UMMS Affiliation

Department of Orthopedics and Physical Rehabilitation

Publication Date


Document Type



Bacterial Infections and Mycoses | Biomaterials | Biomedical Devices and Instrumentation | Enzymes and Coenzymes | Molecular, Cellular, and Tissue Engineering | Orthopedics


Preventing orthopedic implant-associated bacterial infections remains a critical challenge. Current practices of physically blending high-dose antibiotics with bone cements is known for cytotoxicity while covalently tethering antibiotics to implant surfaces is ineffective in eradicating bacteria from the periprosthetic tissue environment due to the short-range bactericidal actions, which are limited to the implant surface. Here, we covalently functionalize poly(ethylene glycol) dimethacrylate hydrogel coatings with vancomycin via an oligonucleotide linker sensitive to Staphylococcus aureus (S. aureus) micrococcal nuclease (MN) (PEGDMA-Oligo-Vanco). This design enables the timely release of vancomycin in the presence of S. aureus to kill the bacteria both on the implant surface and within the periprosthetic tissue environment. Ti6Al4V intramedullary (IM) pins surface-tethered with dopamine methacrylamide (DopaMA) and uniformly coated with PEGDMA-Oligo-Vanco effectively prevented periprosthetic infections in mouse femoral canals inoculated with bioluminescent S. aureus. Longitudinal bioluminescence monitoring, muCT quantification of femoral bone changes, end point quantification of implant surface bacteria, and histological detection of S. aureus in the periprosthetic tissue environment confirmed rapid and sustained bacterial clearance by the PEGDMA-Oligo-Vanco coating. The observed eradication of bacteria was in stark contrast with the significant bacterial colonization on implants and osteomyelitis development found in the absence of the MN-sensitive bactericidal coating. The effective vancomycin tethering dose presented in this on-demand release strategy was > 200 times lower than the typical prophylactic antibiotic contents used in bone cements and may be applied to medical implants and bone/dental cements to prevent periprosthetic infections in high-risk clinical scenarios. This study also supports the timely bactericidal action by MN-triggered release of antibiotics as an effective prophylactic method to bypass the notoriously harder to treat periprosthetic biofilms and osteomyelitis.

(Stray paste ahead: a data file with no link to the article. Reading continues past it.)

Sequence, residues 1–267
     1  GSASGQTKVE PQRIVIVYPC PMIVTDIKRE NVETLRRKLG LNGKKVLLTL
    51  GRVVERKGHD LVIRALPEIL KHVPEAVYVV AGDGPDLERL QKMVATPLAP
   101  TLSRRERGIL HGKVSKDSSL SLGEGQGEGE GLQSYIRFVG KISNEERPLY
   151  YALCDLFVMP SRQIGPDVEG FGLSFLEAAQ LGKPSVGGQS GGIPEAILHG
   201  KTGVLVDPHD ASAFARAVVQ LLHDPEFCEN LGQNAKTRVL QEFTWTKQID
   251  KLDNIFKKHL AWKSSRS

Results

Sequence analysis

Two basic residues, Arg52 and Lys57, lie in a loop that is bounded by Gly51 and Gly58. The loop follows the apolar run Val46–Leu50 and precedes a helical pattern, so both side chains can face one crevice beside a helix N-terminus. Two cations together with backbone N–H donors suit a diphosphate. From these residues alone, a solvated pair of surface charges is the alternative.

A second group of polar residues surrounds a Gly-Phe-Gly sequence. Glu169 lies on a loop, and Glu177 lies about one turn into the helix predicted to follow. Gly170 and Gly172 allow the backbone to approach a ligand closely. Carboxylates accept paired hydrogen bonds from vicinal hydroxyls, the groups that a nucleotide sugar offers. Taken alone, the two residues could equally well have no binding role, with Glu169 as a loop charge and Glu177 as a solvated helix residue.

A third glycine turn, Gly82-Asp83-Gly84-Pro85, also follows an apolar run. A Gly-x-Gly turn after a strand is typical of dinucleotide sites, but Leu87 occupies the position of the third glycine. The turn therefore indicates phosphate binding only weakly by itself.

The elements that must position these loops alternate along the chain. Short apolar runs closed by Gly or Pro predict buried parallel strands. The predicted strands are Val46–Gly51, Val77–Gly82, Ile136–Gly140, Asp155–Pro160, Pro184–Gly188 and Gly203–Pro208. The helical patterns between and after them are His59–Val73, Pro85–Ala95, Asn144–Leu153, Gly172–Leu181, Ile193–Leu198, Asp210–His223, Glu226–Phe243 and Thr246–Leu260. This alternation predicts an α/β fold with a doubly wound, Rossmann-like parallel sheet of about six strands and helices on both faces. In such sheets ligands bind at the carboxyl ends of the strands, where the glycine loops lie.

Vancomycin, bacterial infections, orthopedic implants

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Copyright © 2019 American Chemical Society. This is an open access article published under an ACS AuthorChoice License, which permits copying and redistribution of the article or any adaptations for non-commercial purposes.

DOI of Published Version



ACS Cent Sci. 2019 Dec 26;5(12):1929-1936. doi: 10.1021/acscentsci.9b00870. Epub 2019 Dec 10. Link to article on publisher's site

Journal/Book/Conference Title

ACS central science

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Link to Article in PubMed

PubMed ID